As of the First Sunday of Lent, Thomas More College’s choir is providing beautiful polyphonic music for the Extraordinary Form of the Mass celebrated once a month at Saint Patrick’s, a local parish in Nashua, New Hampshire.
“We sang at the invitation of Father Kerper, the parish’s pastor,” said Artist-in-Residence, David Clayton. “We hope very much to be asked back!”
In fact, the choir already has been asked back, and it looks as if this will be a regular occurrence.
The College has enjoyed a long connection with the parish. Most notably, its longest standing chaplain, Father John Healey, is resident at the church. Moreover, while Mass is offered Monday through Friday in the College’s chapel, students can be seen piling into cars to attend Sunday Mass at Saint Patrick’s on the weekend. More often than not, a few Thomas More die-hards regularly attend the Extraordinary Form Low Mass offered by Father Kerper on Saturday mornings.
The young men and women of Thomas More College pack the pews—a happy sight for the other parishioners—and the parish has even seen student converts receive the sacraments of Baptism, Confirmation, and First Holy Communion. In addition to students, the faculty and their families are present each Sunday. Following Mass, it’s not uncommon for everyone to make their way around the corner to the popular haunt, Bagel Alley, where you’ll find the most scrumptious bagels and cream cheese in Nashua.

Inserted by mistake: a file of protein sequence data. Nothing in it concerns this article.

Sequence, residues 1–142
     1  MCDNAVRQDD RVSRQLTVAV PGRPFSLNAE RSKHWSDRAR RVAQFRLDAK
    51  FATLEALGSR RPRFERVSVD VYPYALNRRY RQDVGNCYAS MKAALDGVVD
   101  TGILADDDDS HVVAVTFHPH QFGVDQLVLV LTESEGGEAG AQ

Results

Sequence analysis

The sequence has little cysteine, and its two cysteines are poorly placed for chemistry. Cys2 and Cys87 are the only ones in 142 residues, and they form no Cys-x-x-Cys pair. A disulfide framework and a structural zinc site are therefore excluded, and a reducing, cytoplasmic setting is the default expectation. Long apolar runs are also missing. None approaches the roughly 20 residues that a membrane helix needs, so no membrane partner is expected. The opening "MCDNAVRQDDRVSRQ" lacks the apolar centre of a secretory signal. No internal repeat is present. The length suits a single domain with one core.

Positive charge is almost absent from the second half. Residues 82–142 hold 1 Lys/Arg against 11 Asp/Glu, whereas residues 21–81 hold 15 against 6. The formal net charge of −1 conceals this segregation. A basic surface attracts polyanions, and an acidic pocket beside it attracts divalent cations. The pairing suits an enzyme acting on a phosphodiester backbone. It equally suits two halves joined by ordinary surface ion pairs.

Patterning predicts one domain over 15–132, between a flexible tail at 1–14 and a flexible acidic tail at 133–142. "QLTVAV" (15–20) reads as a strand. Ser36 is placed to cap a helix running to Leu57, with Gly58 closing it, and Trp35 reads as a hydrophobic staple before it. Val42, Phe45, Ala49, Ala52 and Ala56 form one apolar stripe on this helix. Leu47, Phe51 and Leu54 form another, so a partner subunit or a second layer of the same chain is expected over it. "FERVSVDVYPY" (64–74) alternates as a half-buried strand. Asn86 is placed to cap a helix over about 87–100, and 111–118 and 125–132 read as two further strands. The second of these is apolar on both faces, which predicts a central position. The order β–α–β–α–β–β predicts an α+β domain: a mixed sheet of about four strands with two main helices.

Given the close ties to the parish, choir students were very pleased to be able to sing there. They learned a Mass by the German composer, Blasius Amon, in the 16th century: Missa Super ‘Pour ung Plaisir,’ and did a beautiful job.
“The Mass is relatively simple, but good for those learning polyphony,” said David Clayton. “Our director, Dr. Thomas Larson, did his usual and put his cell down among us in the choir stall. He came up with these recordings.”
Below are links to recordings of the College’s choir performing the Sanctus, Benedictus and Agnus Dei from the Mass.
The role of sacred music is a central part of life at Thomas More College. Following the Psalmist’s exhortation to “make a joyful noise to the Lord,” students not only learn the mathematical and theoretical principles behind Sacred Music in the Way of Beauty Program, but also experience firsthand the rudiments of Gregorian chant through the Divine Office, prayed every evening. If they are ambitious and have a particular love for music, students may also join the College choir or the Saint Gregory Sacred Music Guild, where they can increase their mastery of both plainchant and polyphony.